What happens is that as I take notes, it causes me to actually read the scriptures more closely than I normally would. Instead of just making it a ritual experience that I’m getting through as part of a daily routine, I pay attention, take more notes, and the cycle reinforces itself as what I write causes me to think more about the content.

The approach towards note-taking is unstructured as well, so that it can apply to different levels of study: either in-depth or simple. That is, while it’s good to have personal scripture study methods, it’s unreasonable to expect myself to meet certain guidelines all the time. Doing that pushes me away, because it feels like I can’t meet my own standard of success. I’ve found that the blessings come from the desire to learn first and foremost, and I always feel like the Lord is pleased with me if I can at least have a desire to learn. On the other hand, effort without desire makes me not enjoy or look forward to the experience.

For reading the Book of Mormon, I jot down one-liners because I’m not interested in an in-depth study at the moment. Every once in a while though, I’ll go into more detail about questions or thoughts that I had about a certain verse, but for the most part, it’s always a short sentence and anything beyond that doesn’t exceed a few lines. It works well for me. Plus, it’s fun to go back and re-read my notes that I’ve done previously. That always has the effect of making me want to study some more.

I have only one book at a time that I would say I’m “studying” in-depth. Last year, I was really into Isaiah for a few months and had covered reading and taking notes covering almost all the chapters. But then I took a break from the habit, and when I eventually came back, I couldn’t resume that old level of commitment and intensity. So, I started studying the book of Luke from the New Testament instead. And this time, in place of taking detailed notes, I decided to keep it simpler.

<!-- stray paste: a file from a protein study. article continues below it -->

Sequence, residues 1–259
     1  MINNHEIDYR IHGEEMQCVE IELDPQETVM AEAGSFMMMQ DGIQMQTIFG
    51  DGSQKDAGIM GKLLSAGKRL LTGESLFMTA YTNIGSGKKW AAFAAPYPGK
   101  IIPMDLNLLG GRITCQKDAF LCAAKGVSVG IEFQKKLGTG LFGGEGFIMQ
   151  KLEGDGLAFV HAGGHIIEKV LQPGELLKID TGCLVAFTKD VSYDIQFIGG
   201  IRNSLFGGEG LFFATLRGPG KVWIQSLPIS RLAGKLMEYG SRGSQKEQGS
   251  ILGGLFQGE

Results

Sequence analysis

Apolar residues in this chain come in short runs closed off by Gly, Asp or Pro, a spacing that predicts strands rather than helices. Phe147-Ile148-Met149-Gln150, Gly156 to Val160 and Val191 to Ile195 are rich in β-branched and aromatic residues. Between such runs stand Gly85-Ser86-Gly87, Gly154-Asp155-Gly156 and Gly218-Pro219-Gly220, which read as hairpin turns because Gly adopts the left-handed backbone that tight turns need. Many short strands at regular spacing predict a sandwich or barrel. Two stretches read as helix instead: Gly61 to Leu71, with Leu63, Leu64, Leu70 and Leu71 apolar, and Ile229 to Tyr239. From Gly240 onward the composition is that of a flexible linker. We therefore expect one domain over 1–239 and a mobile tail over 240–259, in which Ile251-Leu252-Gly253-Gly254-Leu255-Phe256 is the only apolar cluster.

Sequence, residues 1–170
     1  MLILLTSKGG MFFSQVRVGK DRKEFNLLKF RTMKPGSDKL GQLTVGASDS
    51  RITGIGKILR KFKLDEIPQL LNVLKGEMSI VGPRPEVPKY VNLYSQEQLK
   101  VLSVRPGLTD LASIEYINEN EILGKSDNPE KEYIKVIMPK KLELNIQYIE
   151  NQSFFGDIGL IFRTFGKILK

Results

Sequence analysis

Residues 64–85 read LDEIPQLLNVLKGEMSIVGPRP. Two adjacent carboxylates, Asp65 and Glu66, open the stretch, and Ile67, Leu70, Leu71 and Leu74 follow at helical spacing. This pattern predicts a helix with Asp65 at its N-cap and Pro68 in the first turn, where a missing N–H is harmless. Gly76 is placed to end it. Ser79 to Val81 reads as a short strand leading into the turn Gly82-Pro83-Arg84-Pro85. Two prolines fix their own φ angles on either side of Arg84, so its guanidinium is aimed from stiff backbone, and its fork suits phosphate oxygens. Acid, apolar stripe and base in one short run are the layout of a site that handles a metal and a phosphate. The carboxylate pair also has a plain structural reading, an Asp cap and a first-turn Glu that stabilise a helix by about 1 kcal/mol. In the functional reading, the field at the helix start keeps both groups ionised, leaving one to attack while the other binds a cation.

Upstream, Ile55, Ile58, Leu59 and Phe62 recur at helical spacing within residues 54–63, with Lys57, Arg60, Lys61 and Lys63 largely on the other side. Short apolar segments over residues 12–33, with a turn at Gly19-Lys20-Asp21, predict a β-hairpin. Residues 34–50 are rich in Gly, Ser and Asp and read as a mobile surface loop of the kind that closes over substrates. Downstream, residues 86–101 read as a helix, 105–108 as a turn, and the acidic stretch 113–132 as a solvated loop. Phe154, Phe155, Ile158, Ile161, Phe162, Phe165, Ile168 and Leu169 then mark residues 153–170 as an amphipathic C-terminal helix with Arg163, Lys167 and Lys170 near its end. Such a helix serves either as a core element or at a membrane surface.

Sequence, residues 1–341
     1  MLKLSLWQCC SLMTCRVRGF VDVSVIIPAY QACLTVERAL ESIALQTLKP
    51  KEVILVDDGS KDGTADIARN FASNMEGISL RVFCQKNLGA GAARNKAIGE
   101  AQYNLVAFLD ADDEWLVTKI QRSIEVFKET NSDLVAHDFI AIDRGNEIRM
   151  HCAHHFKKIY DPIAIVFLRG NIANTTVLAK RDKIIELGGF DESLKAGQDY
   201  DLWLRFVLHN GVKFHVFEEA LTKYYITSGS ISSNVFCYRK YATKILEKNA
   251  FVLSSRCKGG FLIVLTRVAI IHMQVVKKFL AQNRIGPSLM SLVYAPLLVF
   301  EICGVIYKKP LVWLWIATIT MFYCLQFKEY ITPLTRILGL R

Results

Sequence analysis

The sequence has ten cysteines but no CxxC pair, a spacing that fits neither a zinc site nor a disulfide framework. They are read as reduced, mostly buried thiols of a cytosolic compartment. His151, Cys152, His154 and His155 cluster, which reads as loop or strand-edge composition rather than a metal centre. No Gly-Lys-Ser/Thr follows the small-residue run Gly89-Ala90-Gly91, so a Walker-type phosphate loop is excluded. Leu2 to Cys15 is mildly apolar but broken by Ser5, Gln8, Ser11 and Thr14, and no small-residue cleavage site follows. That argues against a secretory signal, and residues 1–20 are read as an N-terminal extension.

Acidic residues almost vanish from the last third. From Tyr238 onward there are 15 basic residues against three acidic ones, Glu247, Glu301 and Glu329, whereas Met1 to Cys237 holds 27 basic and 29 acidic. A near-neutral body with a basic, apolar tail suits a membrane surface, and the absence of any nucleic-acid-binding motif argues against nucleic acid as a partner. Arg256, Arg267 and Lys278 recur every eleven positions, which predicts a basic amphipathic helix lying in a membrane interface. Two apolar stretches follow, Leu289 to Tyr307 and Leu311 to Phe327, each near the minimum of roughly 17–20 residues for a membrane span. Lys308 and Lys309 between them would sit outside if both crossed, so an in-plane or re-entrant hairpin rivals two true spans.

My approach when starting over was to document the doctrine that could be found in the verses. And that’s all — a really small method that isn’t threatening or overwhelming as I get back in the habit of studying. If I have a break, for whatever reason, I don’t put myself under pressure, and I let my expectations reset as I start over again. Over time, the level of intensity will increase to where it was before, but only as I keep it a regular process.

That’s one thing I love about the Holy Ghost, is that He is always ready to help you — wherever you are at. So a lot of times I just grab a notebook, let myself relax, and let the Lord teach me. It works. :)

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Filed under Methodology

New blog

Hello there. I’ve been writing more and more posts regarding religion and scripture study on my personal blog, so I thought it might be a good idea to start a new one just for that. :)

Plus, I’ve been cleaning up my old website, It’s long been unmaintained, and I’m interested in poking and prodding at it a bit. Right now, it’s got a few bugs hanging about, but I’m working on it in the background on a new host and I’ll have it cleaned up proper soon.

If you want to read what this blog is about, just check out the about page.

I’m going to copy my blog posts about scriptures from my personal one over to here, just so I have them all archived in one place. So there will be a lot of content, but it’ll already be familiar to some.

Comments are enabled for the blog posts, so I’d be interested in hearing your comments if you have any to share. :)

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Filed under Book of Mormon, Isaiah, Luke, New Testament, Notes, Old Testament